How to Cure Concrete

Curing concrete is the term used for stopping freshly poured concrete from drying out too quickly. This is done because concrete, if left to dry out of its own accord, will not develop the full bond between all of its ingredients. It will be weaker and tend to crack more. The surface won't be as hard as it could be[1].


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    Leave the form work used to create the concrete formation. The form work itself, if left in place, or on the underneath of a suspended slab, or around a concrete column will stop the concrete drying out too quickly, and so can be said to be a curing agent.
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    Use ponding, which as illustrated in the photo above, is done by forming a dam wall of sand around the concrete formation and then flooding with water. This method has the following disadvantages:
    • It takes a fair bit of work to do, and then quite often a breach occurs and the water runs off the slab.
    • Usually this can only be done for a few days as it inhibits other work and the pressure is usually on to get the walls up.
    • A possible drawback of this method, especially if soil or clay is used, is the chance of staining the concrete.
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    Spray water onto the formation. A simpler way is to just keep water sprayed onto the slab with garden sprinklers or hand held hose pipes. Following are some disadvantages that you need to consider if you intend to use this method:
    • This method is very wasteful of water
    • Again, it can only be done for a short period usually. If you hand water, it should be wet all the time, that is you should not let it dry out at all, almost impossible to do.
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    Use some sort of cover that holds and retains sprayed on water, like a sand layer or hessian. The sand cover or hessian has to be kept wet and if they do dry out they actually aid in sucking moisture out of the concrete.
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    Use a plastic shield, which basically is a plastic sheet laid on top of the slab to stop the evaporation process. This is one of the most efficient methods of curing concrete. Usually a spray from a hose pipe is used to wet the surface and the plastic is laid on, with generous laps at the joints. Use timber or cement blocks to keep the plastic in position, rather than taping the joints. To a certain extent the plastic can be used a few times. A major benefit of plastic is that it does not stop other work, like building the walls, and so it can be left in position for weeks if need be.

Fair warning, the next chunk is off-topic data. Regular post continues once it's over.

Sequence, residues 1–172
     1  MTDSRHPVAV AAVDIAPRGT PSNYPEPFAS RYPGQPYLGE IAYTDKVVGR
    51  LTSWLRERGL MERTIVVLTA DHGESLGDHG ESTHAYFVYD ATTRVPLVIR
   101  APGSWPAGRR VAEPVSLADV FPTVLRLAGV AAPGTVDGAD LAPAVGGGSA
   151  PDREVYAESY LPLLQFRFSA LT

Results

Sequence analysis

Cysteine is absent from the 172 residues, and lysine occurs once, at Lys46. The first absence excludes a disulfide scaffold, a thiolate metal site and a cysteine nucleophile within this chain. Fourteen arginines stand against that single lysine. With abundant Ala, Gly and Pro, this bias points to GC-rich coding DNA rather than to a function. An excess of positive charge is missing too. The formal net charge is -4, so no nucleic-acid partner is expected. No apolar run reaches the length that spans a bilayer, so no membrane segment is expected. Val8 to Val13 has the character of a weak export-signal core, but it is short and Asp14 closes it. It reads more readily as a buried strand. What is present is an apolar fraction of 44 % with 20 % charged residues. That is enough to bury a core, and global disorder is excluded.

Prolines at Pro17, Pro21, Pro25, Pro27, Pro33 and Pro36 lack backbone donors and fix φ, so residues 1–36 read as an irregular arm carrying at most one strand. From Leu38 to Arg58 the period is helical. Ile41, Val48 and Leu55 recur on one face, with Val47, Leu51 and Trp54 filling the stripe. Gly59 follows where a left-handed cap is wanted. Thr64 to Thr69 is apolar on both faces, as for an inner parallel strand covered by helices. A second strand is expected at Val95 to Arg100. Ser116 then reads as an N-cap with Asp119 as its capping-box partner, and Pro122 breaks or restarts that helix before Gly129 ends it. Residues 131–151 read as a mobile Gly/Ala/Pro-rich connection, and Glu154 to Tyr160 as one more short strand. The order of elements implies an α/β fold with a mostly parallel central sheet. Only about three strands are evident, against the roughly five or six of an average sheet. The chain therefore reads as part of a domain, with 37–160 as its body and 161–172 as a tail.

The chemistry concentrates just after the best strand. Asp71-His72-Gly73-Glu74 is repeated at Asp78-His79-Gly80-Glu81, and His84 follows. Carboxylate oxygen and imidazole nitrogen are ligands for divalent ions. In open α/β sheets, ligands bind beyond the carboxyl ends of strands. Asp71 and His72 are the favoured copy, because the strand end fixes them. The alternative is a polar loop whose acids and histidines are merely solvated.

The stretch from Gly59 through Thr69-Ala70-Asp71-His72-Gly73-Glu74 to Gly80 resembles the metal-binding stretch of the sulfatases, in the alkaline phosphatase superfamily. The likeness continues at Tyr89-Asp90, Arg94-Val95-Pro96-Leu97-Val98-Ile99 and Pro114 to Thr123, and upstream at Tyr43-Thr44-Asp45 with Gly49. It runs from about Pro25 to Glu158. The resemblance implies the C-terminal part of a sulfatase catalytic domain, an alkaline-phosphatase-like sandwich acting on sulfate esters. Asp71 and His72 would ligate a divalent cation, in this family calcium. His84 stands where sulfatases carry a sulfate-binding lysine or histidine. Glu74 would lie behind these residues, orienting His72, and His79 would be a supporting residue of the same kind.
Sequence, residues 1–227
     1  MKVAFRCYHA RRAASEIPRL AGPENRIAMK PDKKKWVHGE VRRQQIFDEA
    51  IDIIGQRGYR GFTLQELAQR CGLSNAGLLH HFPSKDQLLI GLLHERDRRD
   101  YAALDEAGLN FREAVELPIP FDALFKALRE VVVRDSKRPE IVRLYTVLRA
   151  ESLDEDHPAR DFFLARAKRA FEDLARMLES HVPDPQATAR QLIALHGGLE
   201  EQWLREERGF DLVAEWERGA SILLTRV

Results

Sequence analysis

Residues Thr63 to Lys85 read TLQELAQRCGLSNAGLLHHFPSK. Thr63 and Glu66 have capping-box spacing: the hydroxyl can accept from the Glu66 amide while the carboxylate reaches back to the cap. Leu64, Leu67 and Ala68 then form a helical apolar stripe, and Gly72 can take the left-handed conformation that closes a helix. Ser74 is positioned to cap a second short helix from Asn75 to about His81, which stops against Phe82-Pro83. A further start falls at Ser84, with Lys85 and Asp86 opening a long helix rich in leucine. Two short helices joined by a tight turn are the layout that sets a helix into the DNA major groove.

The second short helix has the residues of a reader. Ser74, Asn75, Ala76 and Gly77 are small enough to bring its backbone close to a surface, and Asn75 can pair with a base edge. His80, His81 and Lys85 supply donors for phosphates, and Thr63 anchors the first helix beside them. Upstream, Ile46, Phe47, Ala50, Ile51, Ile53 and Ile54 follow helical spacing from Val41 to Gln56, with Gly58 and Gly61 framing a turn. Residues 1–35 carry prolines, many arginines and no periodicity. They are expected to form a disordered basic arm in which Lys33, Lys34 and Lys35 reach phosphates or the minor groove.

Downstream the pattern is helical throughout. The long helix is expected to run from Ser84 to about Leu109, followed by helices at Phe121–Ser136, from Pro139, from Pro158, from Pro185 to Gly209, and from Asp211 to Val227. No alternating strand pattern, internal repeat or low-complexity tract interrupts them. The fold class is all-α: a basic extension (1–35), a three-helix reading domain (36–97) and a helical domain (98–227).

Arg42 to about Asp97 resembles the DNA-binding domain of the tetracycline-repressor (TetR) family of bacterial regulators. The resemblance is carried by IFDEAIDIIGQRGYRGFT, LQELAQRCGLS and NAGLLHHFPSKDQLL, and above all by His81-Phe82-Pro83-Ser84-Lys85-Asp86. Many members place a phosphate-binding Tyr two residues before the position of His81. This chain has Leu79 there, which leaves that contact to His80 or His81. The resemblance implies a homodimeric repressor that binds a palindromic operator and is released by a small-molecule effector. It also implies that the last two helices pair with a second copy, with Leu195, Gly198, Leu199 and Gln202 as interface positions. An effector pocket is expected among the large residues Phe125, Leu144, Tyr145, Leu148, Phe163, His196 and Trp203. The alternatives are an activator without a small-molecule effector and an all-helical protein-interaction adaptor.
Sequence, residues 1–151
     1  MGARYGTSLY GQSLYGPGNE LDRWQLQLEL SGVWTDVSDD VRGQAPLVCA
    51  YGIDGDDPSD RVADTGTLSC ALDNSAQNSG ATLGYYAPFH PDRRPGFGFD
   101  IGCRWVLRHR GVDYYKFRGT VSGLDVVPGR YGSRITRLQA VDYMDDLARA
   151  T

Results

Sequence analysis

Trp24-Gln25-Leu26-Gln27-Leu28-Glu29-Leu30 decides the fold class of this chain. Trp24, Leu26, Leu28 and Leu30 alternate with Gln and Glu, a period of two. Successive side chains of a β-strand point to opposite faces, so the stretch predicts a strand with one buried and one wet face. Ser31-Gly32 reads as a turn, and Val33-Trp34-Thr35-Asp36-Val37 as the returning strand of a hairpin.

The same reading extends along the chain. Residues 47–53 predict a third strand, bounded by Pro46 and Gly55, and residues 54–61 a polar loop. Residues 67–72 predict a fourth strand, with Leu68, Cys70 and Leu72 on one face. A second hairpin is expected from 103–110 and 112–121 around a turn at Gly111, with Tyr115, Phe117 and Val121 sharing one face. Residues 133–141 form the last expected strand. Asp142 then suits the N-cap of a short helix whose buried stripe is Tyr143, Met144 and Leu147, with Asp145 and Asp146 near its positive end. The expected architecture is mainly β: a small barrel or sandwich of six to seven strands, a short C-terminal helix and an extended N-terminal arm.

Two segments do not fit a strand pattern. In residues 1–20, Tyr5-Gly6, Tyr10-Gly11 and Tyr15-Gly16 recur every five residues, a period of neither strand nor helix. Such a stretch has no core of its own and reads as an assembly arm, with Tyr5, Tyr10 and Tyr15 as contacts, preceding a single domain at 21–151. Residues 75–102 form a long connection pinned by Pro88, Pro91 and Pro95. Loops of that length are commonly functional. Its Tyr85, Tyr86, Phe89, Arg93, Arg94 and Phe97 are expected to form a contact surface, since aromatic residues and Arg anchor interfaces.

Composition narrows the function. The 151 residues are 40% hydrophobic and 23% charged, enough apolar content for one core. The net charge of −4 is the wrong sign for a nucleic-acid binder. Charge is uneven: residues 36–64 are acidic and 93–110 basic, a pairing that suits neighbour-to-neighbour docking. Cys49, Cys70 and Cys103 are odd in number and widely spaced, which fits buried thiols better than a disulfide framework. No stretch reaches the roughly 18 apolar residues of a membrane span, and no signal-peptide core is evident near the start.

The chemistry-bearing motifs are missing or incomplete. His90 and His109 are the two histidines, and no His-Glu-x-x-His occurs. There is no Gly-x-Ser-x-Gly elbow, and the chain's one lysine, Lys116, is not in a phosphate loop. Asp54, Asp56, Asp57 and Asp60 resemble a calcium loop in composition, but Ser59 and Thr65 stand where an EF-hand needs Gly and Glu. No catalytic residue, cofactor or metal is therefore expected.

• The photo shows concrete columns that have had the form work stripped (for further use) and then wrapped in a clear plastic film. The evaporation from the concrete condenses on the inside of the plastic and the surface of the column remains moist.
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    Use concrete curing oils or curing compounds. These compounds and oils now come in a variety of types. Used the water soluble waxy emulsions that can be sprayed onto the fresh concrete with a hand pump type spray. They are milky white when used but dry into a clear waxy film. They have the advantage that that they can be sprayed onto footpaths and the like even before the concrete is set enough to walk upon. Another major use is on concrete walls. They remain on the surface for weeks and finally break down in sunlight. Be hesitant to use concrete curing oils on internal floors, on the off chance that any residue would stop the full adhesion of ceramic tile glues etc.
    • Other types of concrete curing compounds are PVA based, chlorinated-rubber or resin based. They can also be obtained In coloured versions that fade over time.


  • Hot or windy weather makes the drying out process quicker.
  • You have spent a lot of money buying a good product, and you can lose a lot of the value in that product by not curing it.
  • Even on a small slab for a garden shed, we are wasting good money and ruining good concrete by not curing it!

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Categories: Concrete